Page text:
Photo by Melody
Guess what time it is? It's time for the DG County Fair! Now in it's sixth year, enter your blue-ribbon photos or mouth-watering recipes for a chance to win a gift subscription! Click here here to get all the details, dates and entry rules.

Our Lord's Candle - Hesperoyucca whipplei

By Kelli Kallenborn (KelliMay 24, 2014
bookmark

A common name for Hesperoyucca whipplei is Our Lord's Candle. A name like that suggests that there must be something out of the ordinary about this plant. There is. With an inflorescence up to 13 feet tall, it is the exclamation point of the chaparral.

Gardening picture

Besides the dignified name of Our Lord's Candle, the plant also has the colorful name of Quixote plant  and the more mundane name of chaparral yucca.  The plant is native to southwester California and adjacent Baja, with a disjunct population near the Grand Canyon.  The preferred habitat is chaparral, but it can also be found in coastal sage scrub, grassland, and yellow pine forest. 

Hesperoyucca whipplei was formerly known as Yucca whipplei, but detailed differences in the flower structure caused it to recently be moved to a new genus.  The species is so variable that it is divided into four subspecies - percursa, caespitosa, intermedia, and parishii.  The subspecies are each found in a specific location and that is the easiest way to identify them in their natural ranges.  They also vary in if, how, and when the plant forms offsets and in size of the leaf rosette and the inflorescence.  I am familiar with Hesperoyucca whipplei subsp. intermedia and H. whipplei subsp. parishii and will discuss here those two subspecies only.

ImageImageH. whipplei subsp. intermedia is native to the Santa Monica Mountains and adjacent country of Los Angeles and Ventura Counties.  It is a stemless plant with a rosette of many thin leaves, on the order of 2 to 2 1/2 feet long.  The leaf color varies from green to blue-green.  My observation has been that the green leaves tend to be more floppy in appearance than the blue-green leaves.  The flower stalk is up to 10 feet tall, which is tall enough to stick up above the chaparral and a plant in bloom in quite noticeable.  The parent rosette forms offsets at the time of blooming and the parent rosette dies as the seeds mature.Image

If you like H. whipplei subsp. intermedia, if you think it is impressive, then H. whipplei subsp. parishii will Imageknock your socks off.  The published literature says that the flower stalk is up to 13 ft tall, but I think they get taller.  There can be upwards of 600 flowers on one inflorescence.  The stalk is bigger around than my arm.  The leaf rosette of H. whipplei subsp. parishii is stemless, but unlike the laid-back Malibu attitude of H. whipplei subsp. intermedia, the H. whipplei Imagesubsp. parishii bristles at attention in a beautiful sphere.  Leaves are about 3 feet long and the plant is blue-green.  Subspecies intermedia is found in the San Gabriel and San Bernardino Mountains.  The plant does not form offsets and it dies after blooming.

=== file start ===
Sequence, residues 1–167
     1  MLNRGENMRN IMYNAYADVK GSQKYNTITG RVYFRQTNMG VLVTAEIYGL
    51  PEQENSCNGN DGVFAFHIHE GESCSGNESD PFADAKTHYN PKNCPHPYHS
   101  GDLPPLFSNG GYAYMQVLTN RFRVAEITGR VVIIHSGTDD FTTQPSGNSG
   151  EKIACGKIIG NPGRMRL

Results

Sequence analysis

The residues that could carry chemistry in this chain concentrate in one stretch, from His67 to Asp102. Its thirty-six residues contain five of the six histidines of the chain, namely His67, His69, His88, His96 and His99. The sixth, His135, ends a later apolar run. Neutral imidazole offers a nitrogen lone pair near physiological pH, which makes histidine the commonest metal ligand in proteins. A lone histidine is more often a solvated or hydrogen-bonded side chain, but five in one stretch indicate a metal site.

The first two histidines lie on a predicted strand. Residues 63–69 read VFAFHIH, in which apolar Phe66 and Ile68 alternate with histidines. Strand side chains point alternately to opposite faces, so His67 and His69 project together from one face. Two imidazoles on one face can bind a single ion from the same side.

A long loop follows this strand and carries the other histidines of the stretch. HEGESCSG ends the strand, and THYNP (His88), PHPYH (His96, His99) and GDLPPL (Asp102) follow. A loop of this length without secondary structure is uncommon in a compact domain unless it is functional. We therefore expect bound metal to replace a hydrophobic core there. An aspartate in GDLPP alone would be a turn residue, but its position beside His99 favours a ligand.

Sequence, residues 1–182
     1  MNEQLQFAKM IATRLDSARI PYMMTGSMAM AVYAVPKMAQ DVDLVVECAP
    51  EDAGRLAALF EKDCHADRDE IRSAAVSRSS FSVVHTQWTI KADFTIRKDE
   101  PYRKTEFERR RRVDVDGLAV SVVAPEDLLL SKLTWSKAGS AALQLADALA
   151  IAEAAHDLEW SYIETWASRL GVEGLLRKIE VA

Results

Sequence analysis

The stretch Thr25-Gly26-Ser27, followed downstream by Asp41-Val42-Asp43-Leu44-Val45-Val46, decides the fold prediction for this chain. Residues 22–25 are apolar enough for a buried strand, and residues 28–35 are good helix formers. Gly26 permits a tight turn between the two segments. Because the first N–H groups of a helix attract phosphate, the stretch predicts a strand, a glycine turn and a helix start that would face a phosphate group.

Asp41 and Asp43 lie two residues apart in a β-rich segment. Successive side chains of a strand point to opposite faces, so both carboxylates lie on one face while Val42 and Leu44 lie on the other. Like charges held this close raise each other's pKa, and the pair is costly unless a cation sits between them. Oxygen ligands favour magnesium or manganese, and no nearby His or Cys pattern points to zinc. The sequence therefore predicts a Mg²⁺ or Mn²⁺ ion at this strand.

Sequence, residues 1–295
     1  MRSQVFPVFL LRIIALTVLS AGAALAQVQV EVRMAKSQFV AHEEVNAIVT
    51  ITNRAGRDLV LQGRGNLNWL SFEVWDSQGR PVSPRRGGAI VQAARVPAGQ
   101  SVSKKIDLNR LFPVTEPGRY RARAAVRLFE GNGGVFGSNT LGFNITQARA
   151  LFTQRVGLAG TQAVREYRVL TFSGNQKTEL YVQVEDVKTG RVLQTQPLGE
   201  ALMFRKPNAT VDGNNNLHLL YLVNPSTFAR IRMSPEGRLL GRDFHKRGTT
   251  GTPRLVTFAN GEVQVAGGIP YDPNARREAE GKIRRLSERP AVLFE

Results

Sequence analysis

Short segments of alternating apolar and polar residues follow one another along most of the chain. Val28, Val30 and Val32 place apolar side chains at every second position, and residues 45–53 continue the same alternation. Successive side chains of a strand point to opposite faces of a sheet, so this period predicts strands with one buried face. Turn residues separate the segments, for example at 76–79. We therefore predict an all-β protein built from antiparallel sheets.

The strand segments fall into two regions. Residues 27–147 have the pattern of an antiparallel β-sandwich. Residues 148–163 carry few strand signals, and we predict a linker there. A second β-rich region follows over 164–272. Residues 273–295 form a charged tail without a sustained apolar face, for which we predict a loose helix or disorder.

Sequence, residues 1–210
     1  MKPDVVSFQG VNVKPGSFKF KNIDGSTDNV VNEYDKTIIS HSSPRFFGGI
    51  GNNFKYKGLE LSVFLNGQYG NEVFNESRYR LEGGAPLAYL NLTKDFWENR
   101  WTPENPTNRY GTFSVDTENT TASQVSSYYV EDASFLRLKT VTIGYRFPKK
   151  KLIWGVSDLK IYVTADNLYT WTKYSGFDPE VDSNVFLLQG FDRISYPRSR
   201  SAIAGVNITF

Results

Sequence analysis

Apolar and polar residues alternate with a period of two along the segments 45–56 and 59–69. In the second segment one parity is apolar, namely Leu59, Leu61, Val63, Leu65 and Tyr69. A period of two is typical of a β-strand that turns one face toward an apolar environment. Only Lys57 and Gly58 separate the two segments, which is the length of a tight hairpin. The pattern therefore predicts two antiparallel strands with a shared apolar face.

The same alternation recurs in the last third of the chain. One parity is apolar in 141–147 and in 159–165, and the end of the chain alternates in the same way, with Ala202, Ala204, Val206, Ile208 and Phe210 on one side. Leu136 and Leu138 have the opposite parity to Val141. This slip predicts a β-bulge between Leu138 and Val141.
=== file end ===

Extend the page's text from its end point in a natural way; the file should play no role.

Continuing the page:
Both subspecies bloom in late May and June.  It is reported the flower stalk can grow up to 14 inches a day.  Plants take from around 10 year to 50 years to reach maturity. 

The pollination of H. whipplei is a textbook case of symbiosis.  The plant is pollinated by a yucca moth and apparently nothing else.  When the moth is pollinating, it is also laying eggs on the flower ovary.  The larvae feed off of the developing seeds, but not all of the seeds.  Thus both species survive with the help of the other and neither could survive without the other. 

ImageImageH. whipplei can easily be grown from seed.  Just start them in pots like you would tomatoes or marigolds or other conventional plants.  I use regular potting soil, but if your climate is humid, it might be better to use a cactus soil mix.  Plants transplanted into the ground should be planted in well-drained soil and get at least a half day of direct sun.  In my yard, the soil is clay, which is not really the preferred soil for H. whipplei, but the climate is dry and they are planted on a slope.  We did lose one plant in an El Nino year when we got 40 inches of rain over a couple of months.  Plants beyond the seedling stage should get minimal summer water.  Plants should be planted well away from foot traffic and play areas.  Each leaf has a needle-sharp tip.  The species is reported to be hardy in zone 8 and warmer.

 

All photos on the left are of ssp. intermedia and all photos on the right are of ssp. parishii.  Photos are property of Kelli Kallenborn. 

(Editor's Note: This article originally ran February 2, 2009.Your comments are welcome, but please be aware that authors of previously published articles may not be able to respond to your questions.)

 


  About Kelli Kallenborn  
Kelli KallenbornKelli has lived in California for 25 years and really enjoys the climate and all of the varied natural ecosystems. You can also follow Kelli on Google.

  Helpful links  
Share on Facebook Share on Stumbleupon

[ Mail this article | Print this article ]

» Read articles about: Cactus And Succulents, Xeriscaping, North American Native Plants, Yucca

» Read more articles written by Kelli Kallenborn

« Check out our past articles!



Discussion about this article:
SubjectTopic StarterRepliesViewsLast Post
variation nonmember 1 5 Nov 17, 2012 7:41 PM
To me: exotica lortay 1 9 Feb 4, 2009 9:47 PM
Amazing striking plants joanfav 2 26 Feb 3, 2009 2:41 AM
You cannot post until you login.


We recommend Firefox
Overwhelmed? There's a lot to see here. Try starting at our homepage.

[ Home | About | Advertise | Media Kit | Mission | Featured Companies | Submit an Article | Terms of Use | Tour | Rules | Privacy Policy | Contact Us ]

Back to the top

Copyright © 2000-2014 Dave's Garden, an Internet Brands company. All Rights Reserved.
 

Hope for America